The Anglosphere would’ve held dominion over the Earth — and let’s hope they would’ve had enlightened and moderate leaders.

There would’ve been no need for some of the overcompensating behaviors we witnessed in the 20th century.

The excesses thrust upon the world by continental Europeans in the 20th century are 100% responsible for the creation of two classes of overcompensators; The neocons and the terrorists — both of whom are engaged in a non-virtuous and negative relationship that could still destroy all life on the planet.

That is a scenario of if not when, unless we can completely overcome the three speedbumps in our civilizational development, recover, and get back on track — the track we were originally on until continental Europe changed history three times for the worse.

It could still be the end of us all. But only if we let them.

Not that I wish the continental Europeans one second of harm, it’s just that they’ve wreaked enough havoc. In fact, ‘I wish you the best, and have a beautiful day!’

It’s time to put Britain back together — and in tandem with a politically-moderate United States (and without prejudice to any other country or bloc) to recreate the Anglosphere as it was intended to be prior to the change in the world order made by 20th-century Europeans.

The time of war followed by plenty of overcompensating must now be over, or humanity won’t survive it.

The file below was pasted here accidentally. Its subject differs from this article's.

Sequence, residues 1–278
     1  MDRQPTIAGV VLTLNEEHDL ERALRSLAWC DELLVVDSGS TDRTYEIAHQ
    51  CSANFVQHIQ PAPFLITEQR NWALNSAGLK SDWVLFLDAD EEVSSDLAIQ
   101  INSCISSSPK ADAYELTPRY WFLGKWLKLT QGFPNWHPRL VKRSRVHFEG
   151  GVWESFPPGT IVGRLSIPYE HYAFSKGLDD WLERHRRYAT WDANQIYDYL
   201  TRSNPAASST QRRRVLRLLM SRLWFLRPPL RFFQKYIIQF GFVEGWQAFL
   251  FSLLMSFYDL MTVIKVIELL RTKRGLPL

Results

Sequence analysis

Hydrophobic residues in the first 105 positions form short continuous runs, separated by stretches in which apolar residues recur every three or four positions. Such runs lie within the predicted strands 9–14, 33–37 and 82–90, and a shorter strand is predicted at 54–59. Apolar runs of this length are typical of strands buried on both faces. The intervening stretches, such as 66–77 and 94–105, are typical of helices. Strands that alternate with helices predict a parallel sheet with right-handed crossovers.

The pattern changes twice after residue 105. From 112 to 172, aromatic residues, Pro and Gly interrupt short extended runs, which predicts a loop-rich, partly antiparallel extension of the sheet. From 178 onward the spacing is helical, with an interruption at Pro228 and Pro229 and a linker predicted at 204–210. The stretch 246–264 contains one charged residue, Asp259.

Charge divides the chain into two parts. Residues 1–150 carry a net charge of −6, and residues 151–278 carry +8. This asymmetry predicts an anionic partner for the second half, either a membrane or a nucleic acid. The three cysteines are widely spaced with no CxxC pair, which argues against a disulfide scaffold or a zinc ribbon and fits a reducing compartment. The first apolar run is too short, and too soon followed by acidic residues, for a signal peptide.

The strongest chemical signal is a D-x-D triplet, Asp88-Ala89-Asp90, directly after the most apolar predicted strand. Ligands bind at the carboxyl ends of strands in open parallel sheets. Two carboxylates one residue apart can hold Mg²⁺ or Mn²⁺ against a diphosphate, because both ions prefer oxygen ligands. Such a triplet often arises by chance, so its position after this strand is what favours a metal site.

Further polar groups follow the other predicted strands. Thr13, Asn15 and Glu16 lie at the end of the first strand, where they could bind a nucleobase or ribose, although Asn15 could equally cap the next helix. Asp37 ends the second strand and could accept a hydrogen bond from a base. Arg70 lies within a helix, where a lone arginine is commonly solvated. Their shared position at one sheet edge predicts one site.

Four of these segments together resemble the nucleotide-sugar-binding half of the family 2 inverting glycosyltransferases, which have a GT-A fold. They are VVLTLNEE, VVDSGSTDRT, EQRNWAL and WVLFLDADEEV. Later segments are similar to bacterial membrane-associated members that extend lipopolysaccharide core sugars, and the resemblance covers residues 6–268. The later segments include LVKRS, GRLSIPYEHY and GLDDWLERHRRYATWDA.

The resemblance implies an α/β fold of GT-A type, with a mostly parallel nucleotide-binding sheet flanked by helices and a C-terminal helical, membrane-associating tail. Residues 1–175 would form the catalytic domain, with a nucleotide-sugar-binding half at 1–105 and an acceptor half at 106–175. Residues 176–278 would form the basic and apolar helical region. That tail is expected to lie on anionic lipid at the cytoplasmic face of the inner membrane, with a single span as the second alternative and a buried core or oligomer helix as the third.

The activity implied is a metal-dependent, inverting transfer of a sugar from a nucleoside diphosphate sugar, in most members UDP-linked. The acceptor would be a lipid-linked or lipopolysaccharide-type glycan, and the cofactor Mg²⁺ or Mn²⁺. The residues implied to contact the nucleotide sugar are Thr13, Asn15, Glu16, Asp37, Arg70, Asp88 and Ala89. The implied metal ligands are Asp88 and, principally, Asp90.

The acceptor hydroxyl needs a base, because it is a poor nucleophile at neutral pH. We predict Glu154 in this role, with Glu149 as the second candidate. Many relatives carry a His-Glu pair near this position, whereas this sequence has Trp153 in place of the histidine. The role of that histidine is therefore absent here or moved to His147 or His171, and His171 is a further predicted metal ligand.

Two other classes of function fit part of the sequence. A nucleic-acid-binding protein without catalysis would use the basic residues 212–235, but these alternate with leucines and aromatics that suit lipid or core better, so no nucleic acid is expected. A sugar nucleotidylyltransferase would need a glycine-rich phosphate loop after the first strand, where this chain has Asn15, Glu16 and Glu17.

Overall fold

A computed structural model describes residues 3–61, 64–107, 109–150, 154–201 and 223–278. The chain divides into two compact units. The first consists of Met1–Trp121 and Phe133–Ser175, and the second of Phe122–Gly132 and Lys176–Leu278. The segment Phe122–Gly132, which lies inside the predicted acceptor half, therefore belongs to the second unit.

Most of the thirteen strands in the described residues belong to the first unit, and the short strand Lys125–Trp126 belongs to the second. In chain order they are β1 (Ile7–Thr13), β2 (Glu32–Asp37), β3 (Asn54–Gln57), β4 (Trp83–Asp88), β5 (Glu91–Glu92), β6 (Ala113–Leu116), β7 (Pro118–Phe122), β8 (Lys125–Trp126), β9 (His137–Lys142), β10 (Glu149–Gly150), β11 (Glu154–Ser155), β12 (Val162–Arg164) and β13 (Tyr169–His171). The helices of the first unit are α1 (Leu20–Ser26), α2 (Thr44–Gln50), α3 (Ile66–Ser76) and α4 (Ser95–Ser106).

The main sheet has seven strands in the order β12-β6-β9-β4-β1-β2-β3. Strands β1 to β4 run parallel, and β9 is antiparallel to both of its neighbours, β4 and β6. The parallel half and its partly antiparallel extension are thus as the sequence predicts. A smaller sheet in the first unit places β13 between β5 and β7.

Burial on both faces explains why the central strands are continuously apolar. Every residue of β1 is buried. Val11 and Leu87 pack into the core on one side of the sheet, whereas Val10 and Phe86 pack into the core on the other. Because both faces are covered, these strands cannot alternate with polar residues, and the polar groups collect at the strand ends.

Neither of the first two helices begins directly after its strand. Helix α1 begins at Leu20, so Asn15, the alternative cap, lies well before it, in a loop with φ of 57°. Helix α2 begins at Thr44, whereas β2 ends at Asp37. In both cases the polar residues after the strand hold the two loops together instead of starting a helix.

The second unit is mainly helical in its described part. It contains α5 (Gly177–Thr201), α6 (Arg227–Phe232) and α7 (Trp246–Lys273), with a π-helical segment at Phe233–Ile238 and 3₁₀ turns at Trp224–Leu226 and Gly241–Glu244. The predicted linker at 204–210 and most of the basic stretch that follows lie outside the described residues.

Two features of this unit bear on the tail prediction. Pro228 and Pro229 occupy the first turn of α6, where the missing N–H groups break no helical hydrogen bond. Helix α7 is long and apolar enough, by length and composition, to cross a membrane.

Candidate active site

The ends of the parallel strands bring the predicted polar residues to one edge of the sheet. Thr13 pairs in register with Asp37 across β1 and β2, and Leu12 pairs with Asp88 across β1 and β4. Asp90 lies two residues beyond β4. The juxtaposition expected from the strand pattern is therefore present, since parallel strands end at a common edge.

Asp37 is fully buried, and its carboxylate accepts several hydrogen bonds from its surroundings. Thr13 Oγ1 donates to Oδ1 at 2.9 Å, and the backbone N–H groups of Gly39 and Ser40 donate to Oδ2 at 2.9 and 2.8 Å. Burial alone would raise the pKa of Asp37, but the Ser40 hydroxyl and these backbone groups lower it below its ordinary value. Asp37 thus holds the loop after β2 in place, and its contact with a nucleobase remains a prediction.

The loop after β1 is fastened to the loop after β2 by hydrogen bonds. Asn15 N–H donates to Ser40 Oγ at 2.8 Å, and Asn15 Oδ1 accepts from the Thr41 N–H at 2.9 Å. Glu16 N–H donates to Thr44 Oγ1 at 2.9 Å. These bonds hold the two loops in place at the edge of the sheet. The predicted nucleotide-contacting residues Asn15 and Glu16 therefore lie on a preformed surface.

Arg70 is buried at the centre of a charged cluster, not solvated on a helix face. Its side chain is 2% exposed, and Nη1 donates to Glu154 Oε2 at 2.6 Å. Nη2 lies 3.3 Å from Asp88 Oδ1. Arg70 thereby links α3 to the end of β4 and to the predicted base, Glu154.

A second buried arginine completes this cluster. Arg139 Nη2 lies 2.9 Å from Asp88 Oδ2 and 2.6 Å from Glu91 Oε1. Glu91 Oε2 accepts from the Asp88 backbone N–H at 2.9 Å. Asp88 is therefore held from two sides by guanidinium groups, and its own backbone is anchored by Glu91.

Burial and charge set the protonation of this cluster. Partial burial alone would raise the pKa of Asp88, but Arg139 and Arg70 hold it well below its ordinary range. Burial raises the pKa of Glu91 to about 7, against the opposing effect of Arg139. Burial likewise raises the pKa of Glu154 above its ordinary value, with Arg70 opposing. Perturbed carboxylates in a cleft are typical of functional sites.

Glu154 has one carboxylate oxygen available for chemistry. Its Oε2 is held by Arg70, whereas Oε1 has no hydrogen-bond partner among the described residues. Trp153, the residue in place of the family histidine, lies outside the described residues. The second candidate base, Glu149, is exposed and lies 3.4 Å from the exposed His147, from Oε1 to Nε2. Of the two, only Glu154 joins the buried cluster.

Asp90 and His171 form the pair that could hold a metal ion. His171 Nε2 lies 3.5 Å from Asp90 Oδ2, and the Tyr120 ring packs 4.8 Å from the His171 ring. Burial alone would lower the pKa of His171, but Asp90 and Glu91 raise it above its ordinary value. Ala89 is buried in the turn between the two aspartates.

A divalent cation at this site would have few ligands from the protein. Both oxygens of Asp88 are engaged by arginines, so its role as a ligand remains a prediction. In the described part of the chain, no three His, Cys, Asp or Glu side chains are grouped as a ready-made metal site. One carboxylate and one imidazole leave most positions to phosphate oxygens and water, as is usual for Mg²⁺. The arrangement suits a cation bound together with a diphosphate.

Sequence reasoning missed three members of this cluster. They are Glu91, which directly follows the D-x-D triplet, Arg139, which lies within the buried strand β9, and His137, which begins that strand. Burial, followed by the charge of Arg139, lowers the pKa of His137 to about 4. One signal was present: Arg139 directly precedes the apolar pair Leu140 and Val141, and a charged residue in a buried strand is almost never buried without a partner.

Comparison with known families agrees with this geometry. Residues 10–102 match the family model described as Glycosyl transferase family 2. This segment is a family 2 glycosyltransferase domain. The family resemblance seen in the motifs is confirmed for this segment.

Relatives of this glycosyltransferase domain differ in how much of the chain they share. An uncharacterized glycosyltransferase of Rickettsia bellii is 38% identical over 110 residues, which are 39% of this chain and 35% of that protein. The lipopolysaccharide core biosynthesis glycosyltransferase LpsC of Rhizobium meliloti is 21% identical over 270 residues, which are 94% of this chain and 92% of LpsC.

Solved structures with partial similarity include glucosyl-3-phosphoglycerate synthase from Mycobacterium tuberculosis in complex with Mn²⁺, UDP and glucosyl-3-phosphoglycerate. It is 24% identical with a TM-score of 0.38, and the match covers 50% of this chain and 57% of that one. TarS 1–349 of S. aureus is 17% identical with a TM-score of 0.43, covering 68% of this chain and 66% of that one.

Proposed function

Any nation that wishes to join the Anglosphere need only pass legislation that English is one of their official languages and have a politically-moderate foreign policy, then I would consider them eligible to join The Commonwealth of Nations, which is the umbrella organization of Anglosphere nations.

In that way, I would hope to (eventually) win over every nation. Yes, every one.

No more war. Peace and prosperity. Peace, Order, and Good Government.

That was the path that Great Britain, the United States, and other Anglo nations were on before three wars were thrown at us by continental Europe. (WWI, WWII and the Cold War)

As bad as those wars were, the two overcompensating responses (the neocons and the terrorists) may yet turn out to be even worse. Those two groups may ultimately spell the end of humankind.

And that’s what I’m trying to prevent.

In North America, we say; “If it ain’t broke, don’t fix it.” Well, the continental Europeans of the previous century broke the working model.

Now we need to get it back.